[Twisted-Python] A few comments on deferreds
terry at jon.es
Fri Mar 6 06:10:55 EST 2009
Here are a few comments on deferreds. I'll keep this short. These sort of
posts don't seem to generate much/any discussion (e.g., http://bit.ly/YkSD
which I thought was cool). I'm not sure why - I find deferreds infinitely
interesting, and don't understand why other people don't seem to share the
1. If you have a deferred d1, and you call d1.chainDeferred(d2) I think it
makes sense for there to be a flag inside the deferred class that warns
you if you later call d1.addCallbacks. That's because adding more
functions to d1's callback/errback chain is probably not useful. (It
might conceivably be useful, e.g., to let you know that d1 has been
called). The result of d1 has been passed to d2, and because d2.callback
and d2.errback don't return it (see point 2 below), it is not passed
further down d1's chain. So it's most likely that someone adding a
callback to d1 after calling d1.chainDeferred doesn't really know what
2. Deferred.callback and Deferred.errback currently (implicitly) return
None. They could be changed to return their passed argument. That
would make a call to d1.chainDeferred act like a deferred fork - the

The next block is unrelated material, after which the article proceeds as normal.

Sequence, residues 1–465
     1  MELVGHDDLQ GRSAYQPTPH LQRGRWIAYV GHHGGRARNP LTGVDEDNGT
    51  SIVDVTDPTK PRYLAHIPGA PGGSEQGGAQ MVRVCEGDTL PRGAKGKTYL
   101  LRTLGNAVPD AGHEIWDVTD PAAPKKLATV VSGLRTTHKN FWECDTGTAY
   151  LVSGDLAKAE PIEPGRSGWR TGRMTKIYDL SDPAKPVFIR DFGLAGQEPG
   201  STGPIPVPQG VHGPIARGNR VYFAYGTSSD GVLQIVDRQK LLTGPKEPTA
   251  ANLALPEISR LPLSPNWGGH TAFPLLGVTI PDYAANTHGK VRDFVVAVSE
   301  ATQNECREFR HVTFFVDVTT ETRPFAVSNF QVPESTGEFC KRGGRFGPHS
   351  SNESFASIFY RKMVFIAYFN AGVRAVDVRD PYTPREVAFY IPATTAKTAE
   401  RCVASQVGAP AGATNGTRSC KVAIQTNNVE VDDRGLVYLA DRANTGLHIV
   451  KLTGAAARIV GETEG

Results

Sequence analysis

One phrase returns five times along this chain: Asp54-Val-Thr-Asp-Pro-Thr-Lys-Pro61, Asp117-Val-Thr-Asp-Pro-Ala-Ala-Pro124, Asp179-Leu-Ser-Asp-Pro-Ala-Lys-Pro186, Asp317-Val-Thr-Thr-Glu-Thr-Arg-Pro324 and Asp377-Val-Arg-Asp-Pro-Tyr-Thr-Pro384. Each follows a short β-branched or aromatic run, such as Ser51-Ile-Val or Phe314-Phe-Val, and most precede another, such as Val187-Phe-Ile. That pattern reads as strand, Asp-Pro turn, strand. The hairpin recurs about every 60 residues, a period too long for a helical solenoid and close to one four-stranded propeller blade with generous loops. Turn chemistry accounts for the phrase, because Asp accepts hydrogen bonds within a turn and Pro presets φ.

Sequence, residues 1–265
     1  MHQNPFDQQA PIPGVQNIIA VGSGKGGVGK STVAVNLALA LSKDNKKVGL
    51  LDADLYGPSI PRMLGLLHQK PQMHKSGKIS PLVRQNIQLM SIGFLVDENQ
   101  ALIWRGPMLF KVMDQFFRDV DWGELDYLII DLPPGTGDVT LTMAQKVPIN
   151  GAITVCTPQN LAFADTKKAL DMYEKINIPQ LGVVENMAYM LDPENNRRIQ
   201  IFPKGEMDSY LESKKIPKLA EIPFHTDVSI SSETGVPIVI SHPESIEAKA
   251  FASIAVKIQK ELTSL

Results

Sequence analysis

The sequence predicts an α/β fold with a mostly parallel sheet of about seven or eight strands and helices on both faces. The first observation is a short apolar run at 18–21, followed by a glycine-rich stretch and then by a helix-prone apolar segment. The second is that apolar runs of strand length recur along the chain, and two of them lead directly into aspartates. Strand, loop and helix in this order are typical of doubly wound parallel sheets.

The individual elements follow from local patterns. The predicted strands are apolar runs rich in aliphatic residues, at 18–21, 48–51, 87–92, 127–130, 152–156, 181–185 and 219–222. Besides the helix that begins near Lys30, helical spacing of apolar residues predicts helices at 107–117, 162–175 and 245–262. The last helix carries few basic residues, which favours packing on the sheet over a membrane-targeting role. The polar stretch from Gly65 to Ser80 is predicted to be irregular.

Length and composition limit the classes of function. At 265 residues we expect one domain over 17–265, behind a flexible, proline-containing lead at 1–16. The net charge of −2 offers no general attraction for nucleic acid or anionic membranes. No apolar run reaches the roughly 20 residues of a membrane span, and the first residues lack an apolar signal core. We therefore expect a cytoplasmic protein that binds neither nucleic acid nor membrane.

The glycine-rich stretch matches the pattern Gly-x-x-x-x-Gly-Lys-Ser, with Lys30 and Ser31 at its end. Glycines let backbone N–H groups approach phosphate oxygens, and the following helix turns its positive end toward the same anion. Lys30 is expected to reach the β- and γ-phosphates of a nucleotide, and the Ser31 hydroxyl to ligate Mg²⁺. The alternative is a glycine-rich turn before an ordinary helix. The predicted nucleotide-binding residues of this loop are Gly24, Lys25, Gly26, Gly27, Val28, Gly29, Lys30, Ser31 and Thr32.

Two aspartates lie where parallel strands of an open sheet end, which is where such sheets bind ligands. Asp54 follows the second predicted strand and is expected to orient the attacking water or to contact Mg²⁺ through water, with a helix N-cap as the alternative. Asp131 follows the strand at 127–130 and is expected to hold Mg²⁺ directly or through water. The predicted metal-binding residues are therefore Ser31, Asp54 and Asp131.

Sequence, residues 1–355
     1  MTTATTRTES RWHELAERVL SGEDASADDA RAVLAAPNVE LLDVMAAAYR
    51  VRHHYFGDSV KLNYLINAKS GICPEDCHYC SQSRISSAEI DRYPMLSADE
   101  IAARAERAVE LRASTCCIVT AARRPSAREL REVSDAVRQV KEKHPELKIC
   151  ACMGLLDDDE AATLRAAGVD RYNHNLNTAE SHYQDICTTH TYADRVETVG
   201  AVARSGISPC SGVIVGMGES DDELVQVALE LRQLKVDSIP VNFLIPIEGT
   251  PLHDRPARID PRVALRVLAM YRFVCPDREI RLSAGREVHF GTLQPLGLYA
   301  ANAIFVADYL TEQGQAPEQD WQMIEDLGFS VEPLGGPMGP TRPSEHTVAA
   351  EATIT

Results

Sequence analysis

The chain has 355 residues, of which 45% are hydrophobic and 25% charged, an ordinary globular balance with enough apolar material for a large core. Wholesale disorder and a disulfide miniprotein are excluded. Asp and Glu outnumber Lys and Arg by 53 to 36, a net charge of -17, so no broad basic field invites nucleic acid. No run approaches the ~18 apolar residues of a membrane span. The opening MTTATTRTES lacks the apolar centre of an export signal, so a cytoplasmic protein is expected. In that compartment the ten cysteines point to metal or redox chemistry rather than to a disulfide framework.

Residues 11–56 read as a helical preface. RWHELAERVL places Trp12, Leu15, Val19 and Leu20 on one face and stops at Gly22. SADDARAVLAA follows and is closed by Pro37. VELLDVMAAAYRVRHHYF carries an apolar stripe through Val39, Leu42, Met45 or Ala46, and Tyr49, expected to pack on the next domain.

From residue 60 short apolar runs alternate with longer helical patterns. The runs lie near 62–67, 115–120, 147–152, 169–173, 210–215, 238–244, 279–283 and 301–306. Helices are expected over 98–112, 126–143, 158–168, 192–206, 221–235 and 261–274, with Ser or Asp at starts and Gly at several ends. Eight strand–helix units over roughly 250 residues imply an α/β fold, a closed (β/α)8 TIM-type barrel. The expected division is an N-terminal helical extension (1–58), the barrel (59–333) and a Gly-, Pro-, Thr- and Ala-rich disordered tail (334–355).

result would go down d2's callback chain, but also continue down the
callback/errback chain of d1.
3. There's also the possibility of adding a function to the Deferred class:
def incorporateDeferred(self, d2):
which might be what a naive reader might expect chainDeferred to do.
This raises the question of what you might later do with d2 (probably
nothing), but that's just like what happens with d1: if you call
d1.chainDeferred you're probably not going to return d1 to anyone. All
you can usefully do is fire it.
I'll stop for now. There's lots more that could be said, but lets see if
anyone's interested. I wish I were going to PyCon :-(
BTW, points 1 and 2 above are key to understanding what goes on in the
interview question code I recently posted (http://bit.ly/T3xKs).
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